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Tuesday, March 7, 2023

Mu Quintet - Summit (DIRTH, 2022)

By Irena Stevanovska

Summit is a down-to-earth album, one that gives the feeling of being grounded and accompanied by joyfulness at the same time. Most of us jazz lovers probably got into the world of jazz by listening to sounds similar to the ones immersed in Summit. That is why it serves as a good throwback to the early stages and early days of free-jazz, not only for the listener, but also in the historical sense of jazz itself.

This is the first project of the promising quintet from Leeds, England. It is filled with harmonic wind instruments: tenor sax (Matt Cliffe), flute and bass clarinet (Joel Stadman), also playful piano sounds (Hugh Vincent) and of course the rhythm section, which consists of drums (Simon Henry) and bass (Elliot Roffe).

The idea that most people have about free-jazz often consists of disharmonious frequencies, brash wind instruments coming unexpectedly from every angle beside some sounds that should serve as ambient sounds, often combined with noise. This album sounds like the exact opposite of this, it’s filled with harmonious sounds accompanied by a good flow. But what makes it free is the voluminous improvisation woven into the compositions, which actually shows how good of a combination these musicians are.

It is noticeable that the artists are inspired by musicians such as Eric Dolphy, Ornette Coleman and Pharaoh Sanders throughout the album's many tracks. Some of the tracks are calmer, but you can find ones with moods and vibes that originally helped create free-jazz in its beginnings and helped it form into what it is at the present. The title track 'Summit' captures the essence of the album. Everyone basically leaves their own signature mark on this one, foreshadowing the work that is yet to come from each of them in the future. It is an eleven-minute journey on a pathway where every instrument is doing its own thing, brimming in its own spark, contributing to the collective magic. That is one of my personal favorite attribute of jazz, that the rhythm section is going wherever it wants at its own tempo, as the rest of the instruments could just play anything else, and it would still sound out of this world while being strongly grounded in it. In this track you can hear the individuality of every musician being imprinted during their solo part. You can feel a melancholy piano and saxophone, but would also be able to witness a flute being played more joyfully. So with the whole album, you are basically being taken on a road that takes different turns on many varying heights.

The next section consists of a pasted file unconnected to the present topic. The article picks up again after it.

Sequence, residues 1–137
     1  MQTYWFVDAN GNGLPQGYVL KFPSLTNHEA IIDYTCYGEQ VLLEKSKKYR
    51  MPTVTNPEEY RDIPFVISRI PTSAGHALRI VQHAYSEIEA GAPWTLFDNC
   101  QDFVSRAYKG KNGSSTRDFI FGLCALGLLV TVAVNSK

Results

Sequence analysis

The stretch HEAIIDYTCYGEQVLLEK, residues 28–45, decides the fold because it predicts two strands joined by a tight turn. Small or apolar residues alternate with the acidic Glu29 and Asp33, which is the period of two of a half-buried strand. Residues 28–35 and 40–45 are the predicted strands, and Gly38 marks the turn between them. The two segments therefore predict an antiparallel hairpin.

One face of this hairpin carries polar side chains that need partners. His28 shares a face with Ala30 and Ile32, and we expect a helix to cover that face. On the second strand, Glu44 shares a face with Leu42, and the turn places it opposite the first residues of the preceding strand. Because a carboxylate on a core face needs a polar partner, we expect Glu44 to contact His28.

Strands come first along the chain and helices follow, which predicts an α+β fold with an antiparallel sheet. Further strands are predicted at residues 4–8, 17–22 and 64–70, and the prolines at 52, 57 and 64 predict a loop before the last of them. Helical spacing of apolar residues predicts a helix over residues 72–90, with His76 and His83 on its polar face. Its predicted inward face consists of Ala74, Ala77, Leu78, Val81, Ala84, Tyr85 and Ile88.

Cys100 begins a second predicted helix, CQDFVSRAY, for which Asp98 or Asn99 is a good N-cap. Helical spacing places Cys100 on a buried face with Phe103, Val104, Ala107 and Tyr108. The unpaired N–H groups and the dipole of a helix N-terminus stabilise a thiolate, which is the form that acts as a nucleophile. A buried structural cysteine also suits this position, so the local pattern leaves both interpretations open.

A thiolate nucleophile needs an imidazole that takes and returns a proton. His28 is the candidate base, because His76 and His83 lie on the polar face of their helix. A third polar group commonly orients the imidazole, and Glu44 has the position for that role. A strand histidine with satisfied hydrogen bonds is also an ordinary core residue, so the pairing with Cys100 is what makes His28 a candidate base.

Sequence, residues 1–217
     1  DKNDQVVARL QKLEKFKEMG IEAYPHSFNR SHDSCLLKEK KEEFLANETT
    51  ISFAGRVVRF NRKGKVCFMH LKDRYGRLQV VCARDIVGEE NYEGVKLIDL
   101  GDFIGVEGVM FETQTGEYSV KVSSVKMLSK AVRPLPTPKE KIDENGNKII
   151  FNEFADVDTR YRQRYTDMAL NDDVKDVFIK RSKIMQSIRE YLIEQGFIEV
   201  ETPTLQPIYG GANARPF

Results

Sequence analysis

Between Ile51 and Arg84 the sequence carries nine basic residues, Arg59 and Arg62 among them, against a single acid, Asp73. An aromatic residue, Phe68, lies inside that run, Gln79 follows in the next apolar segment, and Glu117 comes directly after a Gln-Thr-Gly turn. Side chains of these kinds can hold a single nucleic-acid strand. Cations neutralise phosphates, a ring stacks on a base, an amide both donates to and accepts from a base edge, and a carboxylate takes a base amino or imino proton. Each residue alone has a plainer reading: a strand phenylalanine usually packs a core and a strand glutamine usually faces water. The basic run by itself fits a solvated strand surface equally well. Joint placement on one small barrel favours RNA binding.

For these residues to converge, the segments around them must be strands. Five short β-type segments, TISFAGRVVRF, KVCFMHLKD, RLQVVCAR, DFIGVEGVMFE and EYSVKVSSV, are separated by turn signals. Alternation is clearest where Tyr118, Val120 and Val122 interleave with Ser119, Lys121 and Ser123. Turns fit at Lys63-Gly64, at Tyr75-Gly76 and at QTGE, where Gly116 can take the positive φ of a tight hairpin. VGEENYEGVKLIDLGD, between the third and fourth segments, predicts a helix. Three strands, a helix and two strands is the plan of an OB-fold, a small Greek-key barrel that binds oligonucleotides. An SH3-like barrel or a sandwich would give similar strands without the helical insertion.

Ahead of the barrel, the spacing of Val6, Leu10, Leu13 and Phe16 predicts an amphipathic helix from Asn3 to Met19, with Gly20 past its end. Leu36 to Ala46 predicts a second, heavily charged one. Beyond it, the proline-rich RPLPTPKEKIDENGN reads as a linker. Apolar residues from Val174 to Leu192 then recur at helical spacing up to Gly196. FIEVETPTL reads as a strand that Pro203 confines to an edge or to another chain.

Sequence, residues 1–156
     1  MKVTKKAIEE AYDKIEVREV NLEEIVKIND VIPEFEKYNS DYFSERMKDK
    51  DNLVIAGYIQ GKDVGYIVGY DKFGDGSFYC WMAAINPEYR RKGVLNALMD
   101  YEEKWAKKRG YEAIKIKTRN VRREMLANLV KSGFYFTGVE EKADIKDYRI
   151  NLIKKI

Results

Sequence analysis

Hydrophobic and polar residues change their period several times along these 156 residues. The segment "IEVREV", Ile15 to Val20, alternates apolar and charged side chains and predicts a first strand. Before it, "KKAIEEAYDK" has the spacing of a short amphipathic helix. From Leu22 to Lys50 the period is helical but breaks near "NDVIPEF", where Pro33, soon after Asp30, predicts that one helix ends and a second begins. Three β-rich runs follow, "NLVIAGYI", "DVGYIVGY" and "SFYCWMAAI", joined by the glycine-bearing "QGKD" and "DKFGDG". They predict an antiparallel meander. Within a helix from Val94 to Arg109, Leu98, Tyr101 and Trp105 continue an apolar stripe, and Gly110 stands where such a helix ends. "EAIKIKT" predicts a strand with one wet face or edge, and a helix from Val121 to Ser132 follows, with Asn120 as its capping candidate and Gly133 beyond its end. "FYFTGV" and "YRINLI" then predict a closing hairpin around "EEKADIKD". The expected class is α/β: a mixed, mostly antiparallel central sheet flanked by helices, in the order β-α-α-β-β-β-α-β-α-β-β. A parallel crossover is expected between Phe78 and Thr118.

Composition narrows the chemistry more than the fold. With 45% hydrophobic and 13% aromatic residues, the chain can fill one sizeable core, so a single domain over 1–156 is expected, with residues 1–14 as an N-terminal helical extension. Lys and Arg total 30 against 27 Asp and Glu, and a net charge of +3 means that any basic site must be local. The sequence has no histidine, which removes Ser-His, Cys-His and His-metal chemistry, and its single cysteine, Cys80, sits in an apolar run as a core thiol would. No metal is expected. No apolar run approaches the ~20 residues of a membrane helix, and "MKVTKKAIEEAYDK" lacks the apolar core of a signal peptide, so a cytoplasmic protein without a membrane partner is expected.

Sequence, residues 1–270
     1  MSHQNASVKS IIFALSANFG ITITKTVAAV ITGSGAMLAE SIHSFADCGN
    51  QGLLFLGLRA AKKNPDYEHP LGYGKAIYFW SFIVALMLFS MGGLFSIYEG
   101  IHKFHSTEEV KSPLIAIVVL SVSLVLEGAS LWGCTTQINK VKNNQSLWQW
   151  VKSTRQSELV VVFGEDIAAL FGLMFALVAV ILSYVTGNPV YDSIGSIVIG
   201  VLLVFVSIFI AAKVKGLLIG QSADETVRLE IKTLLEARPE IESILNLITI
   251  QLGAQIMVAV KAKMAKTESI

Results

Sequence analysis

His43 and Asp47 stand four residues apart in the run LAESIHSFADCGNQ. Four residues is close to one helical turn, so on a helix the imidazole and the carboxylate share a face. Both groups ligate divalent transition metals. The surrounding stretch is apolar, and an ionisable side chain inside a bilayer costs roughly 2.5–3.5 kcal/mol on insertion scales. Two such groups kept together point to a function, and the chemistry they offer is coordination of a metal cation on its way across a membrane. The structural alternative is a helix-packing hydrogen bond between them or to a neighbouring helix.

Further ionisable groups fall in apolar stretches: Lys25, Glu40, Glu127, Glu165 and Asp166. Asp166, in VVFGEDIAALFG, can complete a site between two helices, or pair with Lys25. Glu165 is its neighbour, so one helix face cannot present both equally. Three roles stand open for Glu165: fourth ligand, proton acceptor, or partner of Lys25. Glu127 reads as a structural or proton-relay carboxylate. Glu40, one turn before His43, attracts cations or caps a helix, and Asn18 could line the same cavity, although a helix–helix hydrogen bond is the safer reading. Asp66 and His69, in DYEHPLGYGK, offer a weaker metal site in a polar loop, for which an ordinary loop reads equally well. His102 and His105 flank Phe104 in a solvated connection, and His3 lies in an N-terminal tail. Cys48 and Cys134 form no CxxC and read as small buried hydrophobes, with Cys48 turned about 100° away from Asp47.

There are four interludes throughout the course of the album, named with roman numbers, each consisting of a solo instrument being played. In these tracks every contributing musician showcases their different character, making us thirsty for more music from them. So all that’s left for us is to enjoy the album and wait for their next jazz journey.


Anonymous said...

Really enjoying this one, thanks for the heads-up Irena!